Feature #8268: Basic Puppet agent support on Windows
Exec provider for Windows
|Assignee:||Josh Cooper||% Done:|
|Category:||windows||Estimated time:||32.00 hours|
|Affected Puppet version:||development||Branch:|
Basic ability to run commands.
Commands must either be present in PATH, or fully specified.
#1 Updated by Josh Cooper over 2 years ago
- Category set to windows
- Estimated time set to 32.00
The exec provider will likely call SUIDManager.run_and_capture, which calls Puppet::Util.execute, but there are three problems on Windows:
- The call to Process.create (using win32/process) returns a ProcessInfo struct instead of an array. It needs to call the waitpid2 method with the ProcessInfo.process_id field. Also note that the Process.create method closes the child process HANDLE (in the ProcessInfo struct), so don’t try to use that HANDLE. See http://rubydoc.info/gems/win32-process/0.6.5/Process:create
- On Unix, the parent forks a child, and the child perform the exec. But on Windows, the parent process calls Process.create directly and it is not wrapped in a begin-ensure block, so if there is an error, e.g. program doesn’t exist, the execute method won’t raise an ExecutionFailure like it does on Unix.
- When running spec/integration/parser/compiler_spec.rb, the command passed to Puppet::Util.execute is an array containing a single string [“git rev-parse HEAD”]. On Unix, it calls Kernel.exec(*command), but on Windows it calls Process.create(:command_line =>command), which attempts to execute the program called “git rev-parse HEAD” and fails:
Process::Error: CreateProcess() failed: The system cannot find the file specified. # ./lib/puppet/util.rb:331:in `execute' # ./lib/puppet/resource/type_collection.rb:141:in `version' # ./lib/puppet/parser/compiler.rb:433:in `initvars' # ./lib/puppet/parser/compiler.rb:191:in `initialize' # ./spec/integration/parser/compiler_spec.rb:24:in `new' # ./spec/integration/parser/compiler_spec.rb:24
#3 Updated by Josh Cooper over 2 years ago
Btw, %x does not work when the command is located in a directory with a space.
For example, msysgit is installed in C:\Program Files (x86)\Git. If I add C:\Program Files (x86)\Git\bin to my PATH it fails:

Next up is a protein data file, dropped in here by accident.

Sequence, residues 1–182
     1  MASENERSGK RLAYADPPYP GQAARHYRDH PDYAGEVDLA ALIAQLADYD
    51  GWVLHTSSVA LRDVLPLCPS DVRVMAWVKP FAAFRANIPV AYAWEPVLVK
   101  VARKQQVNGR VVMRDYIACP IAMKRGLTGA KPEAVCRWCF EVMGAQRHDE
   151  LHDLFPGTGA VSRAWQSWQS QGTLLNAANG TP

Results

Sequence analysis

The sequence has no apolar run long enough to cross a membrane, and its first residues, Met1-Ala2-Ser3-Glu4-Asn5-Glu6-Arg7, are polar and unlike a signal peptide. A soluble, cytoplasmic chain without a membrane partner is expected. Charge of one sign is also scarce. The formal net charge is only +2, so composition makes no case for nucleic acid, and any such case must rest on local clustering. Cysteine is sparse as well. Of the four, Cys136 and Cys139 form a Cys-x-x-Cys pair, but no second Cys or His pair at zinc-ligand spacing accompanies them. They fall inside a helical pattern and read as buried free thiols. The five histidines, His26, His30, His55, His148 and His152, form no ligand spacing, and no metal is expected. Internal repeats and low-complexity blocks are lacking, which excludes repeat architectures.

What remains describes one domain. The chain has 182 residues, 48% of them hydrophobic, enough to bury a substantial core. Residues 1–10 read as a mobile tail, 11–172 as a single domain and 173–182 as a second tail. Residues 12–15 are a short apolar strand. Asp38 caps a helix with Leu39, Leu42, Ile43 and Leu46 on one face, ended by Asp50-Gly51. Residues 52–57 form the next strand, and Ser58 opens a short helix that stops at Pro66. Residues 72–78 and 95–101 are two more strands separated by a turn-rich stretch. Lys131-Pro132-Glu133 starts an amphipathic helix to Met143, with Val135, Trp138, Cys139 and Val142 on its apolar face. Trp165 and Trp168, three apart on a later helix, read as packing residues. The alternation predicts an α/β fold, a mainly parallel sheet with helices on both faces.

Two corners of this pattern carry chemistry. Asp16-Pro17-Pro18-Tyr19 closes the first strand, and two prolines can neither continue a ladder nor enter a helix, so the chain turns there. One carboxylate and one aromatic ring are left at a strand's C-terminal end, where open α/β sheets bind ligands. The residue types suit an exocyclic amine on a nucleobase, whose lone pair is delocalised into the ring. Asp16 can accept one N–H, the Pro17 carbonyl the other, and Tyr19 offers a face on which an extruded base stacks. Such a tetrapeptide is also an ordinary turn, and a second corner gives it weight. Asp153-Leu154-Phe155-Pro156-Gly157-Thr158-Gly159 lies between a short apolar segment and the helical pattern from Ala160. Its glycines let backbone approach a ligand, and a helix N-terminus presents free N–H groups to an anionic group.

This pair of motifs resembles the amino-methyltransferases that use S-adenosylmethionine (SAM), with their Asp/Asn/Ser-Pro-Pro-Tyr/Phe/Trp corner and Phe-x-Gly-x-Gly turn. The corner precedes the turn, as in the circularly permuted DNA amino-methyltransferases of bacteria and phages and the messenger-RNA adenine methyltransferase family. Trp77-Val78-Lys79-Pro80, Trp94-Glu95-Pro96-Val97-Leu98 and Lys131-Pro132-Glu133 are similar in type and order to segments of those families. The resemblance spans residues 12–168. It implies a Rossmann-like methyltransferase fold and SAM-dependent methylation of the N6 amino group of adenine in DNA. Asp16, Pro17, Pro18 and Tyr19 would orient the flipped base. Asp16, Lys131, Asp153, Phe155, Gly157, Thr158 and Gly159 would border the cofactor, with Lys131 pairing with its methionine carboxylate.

Z:\work\puppet>set PATH="c:\Program Files (x86)\Git\bin";%PATH% Z:\work\puppet>ruby -e "puts `git rev-parse HEAD`" -e:1:in ``': No such file or directory - git rev-parse HEAD (Errno::ENOENT)
But setting the path using short names works:
set PATH=c:\progra~2\git\bin;%PATH% Z:\work\puppet>ruby -e "puts `git rev-parse HEAD`" 922edb28d2eeeea7812b02c7064bc5930aa1aaa5
#5 Updated by Nick Lewis over 2 years ago
- Status changed from Accepted to In Topic Branch Pending Review
Branch available at https://github.com/nicklewis/puppet/tree/ticket/2.7.x/8410. Pull request https://github.com/puppetlabs/puppet/pull/54.
This provider has full support for the exec type, except it is unable to run commands as other users/groups. If they are specified, it will fail with a message indicating such. The implementation of the posix provider has been moved into a base class, Puppet::Provider::Exec, from which the others inherit. The difference between the posix and windows providers is now only in how they look for their command to validate its existence (the windows provider will look for cmd.exe, cmd.bat, cmd.ps1, and cmd.com, in addition to just cmd).
This branch also includes a fairly large refactor of Puppet::Util.execute, splitting the bulk of the functionality involved with actually running commands into two platform-specific methods, execute_posix and execute_windows.
Additionally, there is a platform-aware helper method Puppet::Util.absolute_path?(path, platform) which will return true if the path is an absolute path on the platform specified (:posix or :windows), and will default to the current platform if none is specified. This can be used in the future to validate paths on a non-Windows master which need to be used on a Windows agent.
#8 Updated by Josh Cooper about 2 years ago
- Status changed from Closed to Re-opened
- Assignee changed from Nick Lewis to Josh Cooper
The win32/process gem version of waitpid2 returns a different structure than the default ruby implementation. As a result, if we execute a child process and it returns a non-zero return code, then we attempt to access the last element in the array, which we assume is a Process::Status, but is actually the child exit code. I have a fix for this here: https://github.com/puppetlabs/puppet/pull/112